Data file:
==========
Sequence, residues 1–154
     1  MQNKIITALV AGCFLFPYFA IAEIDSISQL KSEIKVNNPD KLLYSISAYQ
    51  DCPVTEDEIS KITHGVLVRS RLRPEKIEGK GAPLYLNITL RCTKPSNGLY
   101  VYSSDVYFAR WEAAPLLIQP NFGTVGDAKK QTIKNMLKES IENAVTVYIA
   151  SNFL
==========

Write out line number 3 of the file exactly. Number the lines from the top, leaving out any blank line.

    51  DCPVTEDEIS KITHGVLVRS RLRPEKIEGK GAPLYLNITL RCTKPSNGLY